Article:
A panel of employment tribunal judges in the UK ruled that Uber drivers should not be considered freelance, but instead should be paid a living wage, according to The Guardian. The ruling is a blow to the San Francisco-based ride-hailing company, which has long argued that its drivers are independent contractors not entitled to traditional employee benefits. Uber says it plans on appealing the decision.
Much like similar rulings in the US, the initial impact of the UK decision is limited to two drivers. But lawyers representing them were optimistic that the ruling could have broader implications.
“This is a ground-breaking decision,” Nigel Mackay from the employment team that represented the drivers, told The Guardian. “It will impact not just on the thousands of Uber drivers working in this country, but on all workers in the so-called gig economy whose employers wrongly classify them as self-employed and deny them the rights to which they are entitled.”
Indeed, the case could open up Uber to claims from thousands of drivers in the UK, and could have implications for other companies in the gig economy as well. In a statement, Jo Bertram, regional general manager of Uber in the UK, said that surveys of drivers hold that a majority prefer the flexibility of freelance work.
“Tens of thousands of people in London drive with Uber precisely because they want to be self-employed and their own boss,” Bertram said. “The overwhelming majority of drivers who use the Uber app want to keep the freedom and flexibility of being able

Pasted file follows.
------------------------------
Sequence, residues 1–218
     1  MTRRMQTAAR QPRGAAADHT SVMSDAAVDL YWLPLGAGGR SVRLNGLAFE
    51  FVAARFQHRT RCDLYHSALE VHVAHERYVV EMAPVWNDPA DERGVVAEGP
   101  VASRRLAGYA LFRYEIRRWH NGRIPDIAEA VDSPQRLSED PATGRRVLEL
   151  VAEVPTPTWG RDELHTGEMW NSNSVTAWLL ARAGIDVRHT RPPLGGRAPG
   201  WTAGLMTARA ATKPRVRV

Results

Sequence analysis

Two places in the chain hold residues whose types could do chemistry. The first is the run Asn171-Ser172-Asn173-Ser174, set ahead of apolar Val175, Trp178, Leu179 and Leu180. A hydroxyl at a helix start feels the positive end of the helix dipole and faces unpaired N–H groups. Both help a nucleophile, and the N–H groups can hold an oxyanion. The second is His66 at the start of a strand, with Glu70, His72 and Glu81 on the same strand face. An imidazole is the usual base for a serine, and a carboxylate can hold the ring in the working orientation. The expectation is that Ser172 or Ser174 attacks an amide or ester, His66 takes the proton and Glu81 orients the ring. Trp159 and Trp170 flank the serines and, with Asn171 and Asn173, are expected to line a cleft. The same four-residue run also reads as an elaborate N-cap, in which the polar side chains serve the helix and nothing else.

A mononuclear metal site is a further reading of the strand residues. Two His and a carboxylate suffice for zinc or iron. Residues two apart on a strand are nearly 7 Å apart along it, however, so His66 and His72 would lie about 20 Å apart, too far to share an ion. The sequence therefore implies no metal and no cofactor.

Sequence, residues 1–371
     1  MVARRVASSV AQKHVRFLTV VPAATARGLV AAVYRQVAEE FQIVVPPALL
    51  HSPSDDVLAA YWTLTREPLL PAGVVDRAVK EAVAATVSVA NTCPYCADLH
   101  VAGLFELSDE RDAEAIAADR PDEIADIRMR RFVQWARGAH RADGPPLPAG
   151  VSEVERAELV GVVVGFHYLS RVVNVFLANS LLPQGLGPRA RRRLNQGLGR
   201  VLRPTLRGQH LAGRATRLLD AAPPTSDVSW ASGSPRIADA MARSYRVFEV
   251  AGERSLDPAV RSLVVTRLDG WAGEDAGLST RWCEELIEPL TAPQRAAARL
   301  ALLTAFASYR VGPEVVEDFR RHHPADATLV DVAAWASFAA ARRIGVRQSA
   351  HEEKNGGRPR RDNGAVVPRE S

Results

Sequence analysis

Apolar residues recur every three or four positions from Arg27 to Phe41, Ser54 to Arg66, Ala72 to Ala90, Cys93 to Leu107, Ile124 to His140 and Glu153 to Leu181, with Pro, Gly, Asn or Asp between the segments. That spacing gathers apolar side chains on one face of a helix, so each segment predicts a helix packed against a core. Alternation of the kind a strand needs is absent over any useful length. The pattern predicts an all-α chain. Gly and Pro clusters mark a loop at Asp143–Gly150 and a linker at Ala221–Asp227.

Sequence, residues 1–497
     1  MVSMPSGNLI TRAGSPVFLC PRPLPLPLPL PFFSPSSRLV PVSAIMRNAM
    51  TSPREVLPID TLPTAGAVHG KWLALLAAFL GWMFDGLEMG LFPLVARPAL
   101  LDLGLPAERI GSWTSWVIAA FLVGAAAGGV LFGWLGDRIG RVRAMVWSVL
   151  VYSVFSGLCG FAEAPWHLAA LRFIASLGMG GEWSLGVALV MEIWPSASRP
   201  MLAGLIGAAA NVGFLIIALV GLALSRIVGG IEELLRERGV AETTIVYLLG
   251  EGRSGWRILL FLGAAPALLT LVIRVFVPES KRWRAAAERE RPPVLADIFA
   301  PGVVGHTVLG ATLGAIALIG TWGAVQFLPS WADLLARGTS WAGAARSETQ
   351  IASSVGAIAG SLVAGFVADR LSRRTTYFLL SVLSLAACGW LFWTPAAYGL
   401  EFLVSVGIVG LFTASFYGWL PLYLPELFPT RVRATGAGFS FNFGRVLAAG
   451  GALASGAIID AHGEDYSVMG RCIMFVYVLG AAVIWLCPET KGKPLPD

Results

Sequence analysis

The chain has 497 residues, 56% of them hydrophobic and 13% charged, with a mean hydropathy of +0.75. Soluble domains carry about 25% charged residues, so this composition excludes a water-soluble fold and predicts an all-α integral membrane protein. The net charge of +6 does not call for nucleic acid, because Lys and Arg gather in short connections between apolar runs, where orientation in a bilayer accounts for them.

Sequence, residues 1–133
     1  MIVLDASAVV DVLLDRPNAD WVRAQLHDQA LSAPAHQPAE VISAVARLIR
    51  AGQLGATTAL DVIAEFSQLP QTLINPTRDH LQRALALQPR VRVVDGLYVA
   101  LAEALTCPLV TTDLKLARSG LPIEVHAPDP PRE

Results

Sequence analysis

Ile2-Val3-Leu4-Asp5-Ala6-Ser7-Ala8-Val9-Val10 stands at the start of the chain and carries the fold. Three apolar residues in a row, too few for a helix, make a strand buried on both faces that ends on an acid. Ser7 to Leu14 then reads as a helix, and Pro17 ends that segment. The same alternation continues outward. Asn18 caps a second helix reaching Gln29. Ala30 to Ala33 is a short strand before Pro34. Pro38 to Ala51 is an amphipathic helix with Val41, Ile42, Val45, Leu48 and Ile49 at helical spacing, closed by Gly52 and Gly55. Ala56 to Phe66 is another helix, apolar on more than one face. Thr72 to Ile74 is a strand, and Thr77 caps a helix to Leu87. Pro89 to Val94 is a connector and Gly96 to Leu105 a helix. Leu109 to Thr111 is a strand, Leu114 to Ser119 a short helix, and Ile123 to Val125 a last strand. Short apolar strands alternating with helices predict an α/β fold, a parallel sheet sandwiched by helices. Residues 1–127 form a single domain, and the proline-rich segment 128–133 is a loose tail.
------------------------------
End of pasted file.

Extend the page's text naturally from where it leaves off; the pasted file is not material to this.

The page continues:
drive when and where they want. While the decision of this preliminary hearing only affects two people, we will be appealing it.”
Meanwhile, other decisions affecting the classification of Uber drivers as independent contractors continue to pile up. A few months ago, the New York state Labor Department awarded jobless benefits to two former Uber drivers. The ruling was immediately celebrated as a “game changer” by drivers and advocates who have been fighting to force companies like Uber to better treat its workers.
Yet Uber and Lyft will continue to classify their drivers as independent contractors because their entire business model depends on it. And federal courts and state regulators will make small-bore rulings that seem to directly challenge the crux of Uber’s relationship with its workforce. Class action lawsuits end in settlements (or don’t) that result in incremental changes, some vague promises from Uber, a few extra dollars for the drivers included in the suit, and that’s about it.
“I think the broader effect of all these incremental issues is going to be limited,” said Harry Campbell, an Uber driver who blogs as The Rideshare Guy. “I've talked to drivers who've gone through this process and it's extremely laborious for what you end up with. Uber seems happy to fight these individually or settle since they don't set much of a precedent on a national scale. I suspect we'll see more and more of these but don't think they'll have any real effect on Uber's business model.”